I am a Christian, and I am a social conservative. I oppose President Obama’s HHS mandate that requires employers to pay insurance premiums that cover chemical abortions, sterilization, and contraception. I support legislation that would accommodate citizens who do not want to be coerced by their government to pay for services that violate their consciences. In short, I find the HHS mandate to be an abhorrent assault on religious freedom. Furthermore, I believe it to be an open scandal that the national media narrative has turned the mandate into a debate about contraception rather than what it is—an assault upon the religious liberty of millions of Americans.
For all of these reasons, I found Rush Limbaugh’s recent comments about Georgetown law student Sandra Fluke to be particularly offensive. Ironically, I agree with Limbaugh’s opposition to the mandate. On the substance, I imagine that he and I may hold many things in common. But his comments last week about Ms. Fluke were disgusting and unhelpful. After insulting Ms. Fluke on Wednesday, he doubled down on the offense on Thursday. His late apology appeared on his website only after he began losing sponsors. Whatever his motives, the damage has already been done, and it’s unlikely to be undone anytime soon. Here’s why.
1. Rush Limbaugh has turned a momentous policy debate into another cheap laugh-line for his talk show. In doing so, he offended not only Ms. Fluke but also every single person who had to listen to his coarse and bawdy humor. His kind of talk is the reason that our national discourse has become so uncivil. Ms. Fluke and the rest of America deserve better than this. If Limbaugh’s apology is sincere, then let it be reflected in the way he speaks going forward on his radio program. Limbaugh needs to apologize to Ms. Fluke on the air.
2. Rush Limbaugh has fed a false impression of what this debate is about. President Obama, congressional Democrats and the national media have successfully sold the HHS mandate as if it were all about contraception and nothing about religious freedom. Conservative Christians of various traditions have united together in an effort to change this narrative, but to little effect. Limbaugh’s apology only reinforces the liberal narrative and has nothing to say about the religious liberty issues at stake. Many Americans are still unaware of how the HHS mandate undermines religious freedom and how it sets a devastating precedent concerning government interference with free exercise. Limbaugh has distracted from the real issue and has fostered the worst caricatures of those of us who oppose the mandate.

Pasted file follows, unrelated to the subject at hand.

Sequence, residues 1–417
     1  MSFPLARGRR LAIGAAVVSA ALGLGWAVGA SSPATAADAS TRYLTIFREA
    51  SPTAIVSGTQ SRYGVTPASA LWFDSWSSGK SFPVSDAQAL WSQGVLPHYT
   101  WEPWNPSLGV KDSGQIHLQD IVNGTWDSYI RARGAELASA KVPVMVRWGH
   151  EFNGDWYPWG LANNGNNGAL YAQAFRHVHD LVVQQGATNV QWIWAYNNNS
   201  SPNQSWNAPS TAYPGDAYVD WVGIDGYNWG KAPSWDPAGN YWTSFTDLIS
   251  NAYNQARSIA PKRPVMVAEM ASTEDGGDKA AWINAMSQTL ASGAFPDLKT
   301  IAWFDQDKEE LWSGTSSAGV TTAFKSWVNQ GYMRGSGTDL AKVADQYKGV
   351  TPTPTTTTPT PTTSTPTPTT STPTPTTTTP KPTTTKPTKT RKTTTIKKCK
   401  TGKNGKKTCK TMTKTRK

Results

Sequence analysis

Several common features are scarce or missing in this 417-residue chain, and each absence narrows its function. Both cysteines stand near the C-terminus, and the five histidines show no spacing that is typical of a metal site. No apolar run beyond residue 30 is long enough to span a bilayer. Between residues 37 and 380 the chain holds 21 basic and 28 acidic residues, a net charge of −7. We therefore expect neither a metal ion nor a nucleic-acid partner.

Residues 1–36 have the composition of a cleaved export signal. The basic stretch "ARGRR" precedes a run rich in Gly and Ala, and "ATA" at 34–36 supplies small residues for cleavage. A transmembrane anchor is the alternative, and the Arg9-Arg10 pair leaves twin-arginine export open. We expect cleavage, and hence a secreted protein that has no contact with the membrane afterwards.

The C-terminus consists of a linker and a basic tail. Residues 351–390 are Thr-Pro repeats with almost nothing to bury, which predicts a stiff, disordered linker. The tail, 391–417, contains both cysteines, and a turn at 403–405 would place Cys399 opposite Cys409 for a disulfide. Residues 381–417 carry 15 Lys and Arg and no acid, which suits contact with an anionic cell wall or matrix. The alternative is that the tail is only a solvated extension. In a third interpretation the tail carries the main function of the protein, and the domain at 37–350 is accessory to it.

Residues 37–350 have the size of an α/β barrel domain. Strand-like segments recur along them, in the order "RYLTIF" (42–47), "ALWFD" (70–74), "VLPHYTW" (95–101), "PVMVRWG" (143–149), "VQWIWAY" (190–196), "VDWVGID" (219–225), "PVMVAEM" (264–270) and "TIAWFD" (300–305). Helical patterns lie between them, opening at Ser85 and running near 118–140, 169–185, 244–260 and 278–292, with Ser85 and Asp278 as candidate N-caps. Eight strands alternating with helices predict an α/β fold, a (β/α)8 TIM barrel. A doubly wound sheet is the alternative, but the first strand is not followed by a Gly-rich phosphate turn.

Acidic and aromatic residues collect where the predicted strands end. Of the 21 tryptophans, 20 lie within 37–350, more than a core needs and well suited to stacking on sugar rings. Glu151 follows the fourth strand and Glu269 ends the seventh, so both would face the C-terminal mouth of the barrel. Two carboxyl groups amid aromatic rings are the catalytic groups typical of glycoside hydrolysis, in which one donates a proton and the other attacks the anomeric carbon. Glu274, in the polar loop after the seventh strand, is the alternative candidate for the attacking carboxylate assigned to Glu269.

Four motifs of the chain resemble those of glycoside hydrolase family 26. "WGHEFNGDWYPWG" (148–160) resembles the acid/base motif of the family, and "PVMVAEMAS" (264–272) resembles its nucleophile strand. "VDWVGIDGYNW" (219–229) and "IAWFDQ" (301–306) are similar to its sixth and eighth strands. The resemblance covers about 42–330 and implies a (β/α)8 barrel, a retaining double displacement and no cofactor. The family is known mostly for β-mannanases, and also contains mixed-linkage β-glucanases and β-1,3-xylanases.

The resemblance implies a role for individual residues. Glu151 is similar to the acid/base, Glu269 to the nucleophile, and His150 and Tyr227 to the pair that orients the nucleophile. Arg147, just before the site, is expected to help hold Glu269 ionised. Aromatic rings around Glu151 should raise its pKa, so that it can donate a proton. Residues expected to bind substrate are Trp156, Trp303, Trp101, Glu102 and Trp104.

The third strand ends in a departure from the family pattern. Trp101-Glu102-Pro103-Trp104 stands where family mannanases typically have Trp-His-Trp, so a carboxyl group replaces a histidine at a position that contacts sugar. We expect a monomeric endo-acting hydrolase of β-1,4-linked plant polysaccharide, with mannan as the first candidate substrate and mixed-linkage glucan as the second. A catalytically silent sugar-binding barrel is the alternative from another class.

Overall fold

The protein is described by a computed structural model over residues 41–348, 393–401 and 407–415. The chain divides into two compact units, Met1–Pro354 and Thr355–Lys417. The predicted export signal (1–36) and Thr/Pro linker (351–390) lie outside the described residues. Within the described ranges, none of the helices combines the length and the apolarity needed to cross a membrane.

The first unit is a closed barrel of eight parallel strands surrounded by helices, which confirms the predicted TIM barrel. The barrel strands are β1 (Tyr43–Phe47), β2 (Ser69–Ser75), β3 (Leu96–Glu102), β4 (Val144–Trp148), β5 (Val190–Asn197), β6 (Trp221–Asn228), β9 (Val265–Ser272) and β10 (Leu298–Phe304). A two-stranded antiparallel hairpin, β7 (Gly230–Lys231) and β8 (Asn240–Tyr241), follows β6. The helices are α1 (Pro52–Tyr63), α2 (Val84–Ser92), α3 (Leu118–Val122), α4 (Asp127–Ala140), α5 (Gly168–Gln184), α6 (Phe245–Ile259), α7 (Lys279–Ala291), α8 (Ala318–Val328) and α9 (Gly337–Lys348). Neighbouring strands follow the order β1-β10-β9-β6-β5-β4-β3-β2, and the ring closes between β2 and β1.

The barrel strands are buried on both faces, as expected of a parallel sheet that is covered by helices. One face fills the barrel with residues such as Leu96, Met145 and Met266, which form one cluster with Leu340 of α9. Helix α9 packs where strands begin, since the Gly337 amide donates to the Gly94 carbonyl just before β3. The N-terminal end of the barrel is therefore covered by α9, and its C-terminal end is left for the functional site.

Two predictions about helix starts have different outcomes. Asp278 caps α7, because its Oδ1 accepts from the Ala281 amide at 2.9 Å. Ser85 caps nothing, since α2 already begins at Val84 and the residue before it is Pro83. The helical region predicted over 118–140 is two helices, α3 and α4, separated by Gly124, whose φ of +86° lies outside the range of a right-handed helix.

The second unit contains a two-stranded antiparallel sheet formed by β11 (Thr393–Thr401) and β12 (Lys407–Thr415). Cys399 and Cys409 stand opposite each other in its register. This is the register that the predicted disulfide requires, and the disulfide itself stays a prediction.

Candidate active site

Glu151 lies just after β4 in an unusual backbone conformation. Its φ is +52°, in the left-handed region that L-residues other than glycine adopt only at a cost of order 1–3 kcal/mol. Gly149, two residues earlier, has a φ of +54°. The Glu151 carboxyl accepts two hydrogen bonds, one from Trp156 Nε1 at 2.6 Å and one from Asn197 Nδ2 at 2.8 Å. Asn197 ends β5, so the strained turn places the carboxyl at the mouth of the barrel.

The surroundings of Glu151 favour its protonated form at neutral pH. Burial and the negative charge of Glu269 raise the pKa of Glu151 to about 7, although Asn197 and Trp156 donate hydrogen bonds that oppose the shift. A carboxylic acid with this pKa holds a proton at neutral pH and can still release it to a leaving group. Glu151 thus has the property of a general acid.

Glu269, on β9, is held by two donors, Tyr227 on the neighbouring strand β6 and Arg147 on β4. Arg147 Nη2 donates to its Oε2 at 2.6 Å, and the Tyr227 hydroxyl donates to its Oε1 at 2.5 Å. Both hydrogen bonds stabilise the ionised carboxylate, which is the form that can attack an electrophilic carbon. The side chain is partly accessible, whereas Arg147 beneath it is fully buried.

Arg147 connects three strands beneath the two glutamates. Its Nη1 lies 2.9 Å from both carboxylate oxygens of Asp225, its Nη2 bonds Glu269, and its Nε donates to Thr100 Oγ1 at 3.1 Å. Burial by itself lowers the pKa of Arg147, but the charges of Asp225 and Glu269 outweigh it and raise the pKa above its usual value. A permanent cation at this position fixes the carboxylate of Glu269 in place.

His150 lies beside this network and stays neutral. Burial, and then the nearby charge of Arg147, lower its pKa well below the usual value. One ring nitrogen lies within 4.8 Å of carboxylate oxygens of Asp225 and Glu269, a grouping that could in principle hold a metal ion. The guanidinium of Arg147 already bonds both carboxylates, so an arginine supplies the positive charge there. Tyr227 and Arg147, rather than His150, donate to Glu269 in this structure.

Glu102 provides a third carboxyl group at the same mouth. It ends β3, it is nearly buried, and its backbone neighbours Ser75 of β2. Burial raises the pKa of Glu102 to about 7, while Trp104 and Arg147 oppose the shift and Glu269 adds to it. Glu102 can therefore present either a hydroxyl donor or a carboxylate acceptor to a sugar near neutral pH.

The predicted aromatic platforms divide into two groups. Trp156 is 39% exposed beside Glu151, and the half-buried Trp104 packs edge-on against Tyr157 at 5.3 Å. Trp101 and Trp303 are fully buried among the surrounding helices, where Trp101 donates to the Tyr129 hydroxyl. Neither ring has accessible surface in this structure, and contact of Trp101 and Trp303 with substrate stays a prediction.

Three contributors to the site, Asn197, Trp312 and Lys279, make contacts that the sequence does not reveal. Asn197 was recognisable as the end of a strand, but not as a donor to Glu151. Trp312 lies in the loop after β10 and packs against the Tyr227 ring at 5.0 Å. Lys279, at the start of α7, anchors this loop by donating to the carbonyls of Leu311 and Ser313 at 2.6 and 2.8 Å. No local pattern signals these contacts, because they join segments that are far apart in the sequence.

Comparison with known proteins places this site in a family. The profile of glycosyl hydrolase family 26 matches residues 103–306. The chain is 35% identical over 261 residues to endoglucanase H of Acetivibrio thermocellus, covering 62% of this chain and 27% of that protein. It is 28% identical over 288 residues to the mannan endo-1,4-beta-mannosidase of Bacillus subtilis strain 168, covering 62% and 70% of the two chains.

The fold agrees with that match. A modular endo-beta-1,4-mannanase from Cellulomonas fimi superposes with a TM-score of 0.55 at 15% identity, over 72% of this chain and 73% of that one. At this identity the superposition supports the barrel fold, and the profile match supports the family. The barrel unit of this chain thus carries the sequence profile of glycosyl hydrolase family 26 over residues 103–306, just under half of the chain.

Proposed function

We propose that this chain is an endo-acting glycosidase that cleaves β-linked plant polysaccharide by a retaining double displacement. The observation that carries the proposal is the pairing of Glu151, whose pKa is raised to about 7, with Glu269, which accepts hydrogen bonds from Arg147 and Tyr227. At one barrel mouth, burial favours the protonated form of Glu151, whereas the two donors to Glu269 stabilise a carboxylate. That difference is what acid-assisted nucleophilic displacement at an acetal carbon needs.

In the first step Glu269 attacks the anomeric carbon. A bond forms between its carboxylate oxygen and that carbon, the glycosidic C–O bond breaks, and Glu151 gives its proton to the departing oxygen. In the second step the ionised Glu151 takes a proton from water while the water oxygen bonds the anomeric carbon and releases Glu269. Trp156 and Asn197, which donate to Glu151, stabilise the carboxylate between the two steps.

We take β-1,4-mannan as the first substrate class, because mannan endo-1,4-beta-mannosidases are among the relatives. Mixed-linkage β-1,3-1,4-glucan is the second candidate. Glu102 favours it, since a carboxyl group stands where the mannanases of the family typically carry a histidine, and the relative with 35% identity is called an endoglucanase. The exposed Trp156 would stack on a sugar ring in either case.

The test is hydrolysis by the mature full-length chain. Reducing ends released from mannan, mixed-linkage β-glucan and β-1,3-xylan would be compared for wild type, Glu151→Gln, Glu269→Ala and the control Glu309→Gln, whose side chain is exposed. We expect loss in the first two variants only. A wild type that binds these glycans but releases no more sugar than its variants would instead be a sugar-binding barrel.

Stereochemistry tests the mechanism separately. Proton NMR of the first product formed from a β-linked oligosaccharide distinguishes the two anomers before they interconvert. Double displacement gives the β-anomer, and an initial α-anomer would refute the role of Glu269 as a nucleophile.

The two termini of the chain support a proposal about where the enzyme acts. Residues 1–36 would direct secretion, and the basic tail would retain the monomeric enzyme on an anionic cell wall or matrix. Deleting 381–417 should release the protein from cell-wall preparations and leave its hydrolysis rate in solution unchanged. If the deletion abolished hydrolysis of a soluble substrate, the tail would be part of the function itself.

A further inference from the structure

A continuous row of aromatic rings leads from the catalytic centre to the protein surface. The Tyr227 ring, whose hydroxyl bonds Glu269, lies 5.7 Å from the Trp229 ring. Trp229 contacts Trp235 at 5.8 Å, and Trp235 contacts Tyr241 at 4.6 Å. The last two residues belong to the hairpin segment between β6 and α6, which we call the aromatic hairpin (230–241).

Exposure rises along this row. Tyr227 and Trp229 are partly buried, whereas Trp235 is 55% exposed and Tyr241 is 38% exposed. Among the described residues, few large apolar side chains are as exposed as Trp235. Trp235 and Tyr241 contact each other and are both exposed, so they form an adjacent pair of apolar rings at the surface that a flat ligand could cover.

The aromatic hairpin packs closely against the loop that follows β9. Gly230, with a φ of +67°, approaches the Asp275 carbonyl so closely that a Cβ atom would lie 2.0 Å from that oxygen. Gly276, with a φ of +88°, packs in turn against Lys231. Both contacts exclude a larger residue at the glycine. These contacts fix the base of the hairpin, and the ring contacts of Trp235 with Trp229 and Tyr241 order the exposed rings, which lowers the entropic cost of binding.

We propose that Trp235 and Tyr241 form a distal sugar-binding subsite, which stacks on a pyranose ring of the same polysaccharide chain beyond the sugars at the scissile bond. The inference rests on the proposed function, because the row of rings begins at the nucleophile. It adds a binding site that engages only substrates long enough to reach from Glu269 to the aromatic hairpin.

3. Rush Limbaugh has been mistaken by many Americans as the spokesperson for modern conservatism. I heard Chris Matthews say on Thursday night that Limbaugh is the “intellectual and spiritual leader” of the conservative movement. Hogwash. Rush Limbaugh is to conservatism what a carnival barker is to entertainment. He’s loud and boisterous, but what he’s selling behind his curtain is a sideshow. The ideological roots of conservatism still have more to do with Burke and Friedman than they do with the likes of Limbaugh. Don’t believe the hype about his being a driving ideological force behind conservatism. He’s not.
4. Rush Limbaugh has created a diversion for supporters of the HHS mandate. He is widely mistaken by many Americans as a surrogate for the GOP. Democrats are trying to leverage this impression to their political advantage, and they are calling on GOP leaders to denounce Limbaugh as if he were their spokesman or representative. I hope many conservatives find appropriate ways to denounce Limbaugh’s remarks. But I also hope that they will resist doing anything that suggests that Limbaugh speaks for the party in particular or for conservatism more generally.
5. Rush Limbaugh has been mistaken as a representative of social conservative voters, a big portion of whom are evangelicals. As an evangelical, I will say that I gave up on Limbaugh a long time ago. I am a conservative, and so is he. But it seems to me that his views are coming from a different place than mine are. The sanctity of human life and religious liberty motivate my opposition to the HHS mandate. Limbaugh seems to be motivated by something else—something more cynical. His remarks about Ms. Fluke are a case in point. Encouraging a fellow citizen—even in jest—to post a sex video of themselves on the internet sounds as secular and godless as anything I’ve ever heard. It’s not just Christians who abominate this kind of speech (Ephesians 5:4). Every decent American is rightly offended by this kind of talk.
President Obama’s HHS mandate is a watershed moment for religious liberty in the United States, and I believe there is a grave showdown on the horizon. If the mandate is allowed to stand, countless Americans will be forced to violate their consciences and their religion in order to comply. Many of them will refuse to obey this unjust law and will either close up shop or incur penalties for breaking the law. In the very near future, many citizens will find that following their religious beliefs is against the law. For these Americans, the stakes could not be any higher or more serious.
Limbaugh’s remarks last week distracted the nation from this reality with a lowbrow personal attack. His subsequent apology was untimely and advanced the liberal narrative that this debate is about privacy and contraception. There’s no escaping the conclusion that he has set the cause back with his careless remarks, and his apology won’t fix that. We do not need cynical voices like his joining the debate on either side. America deserves better.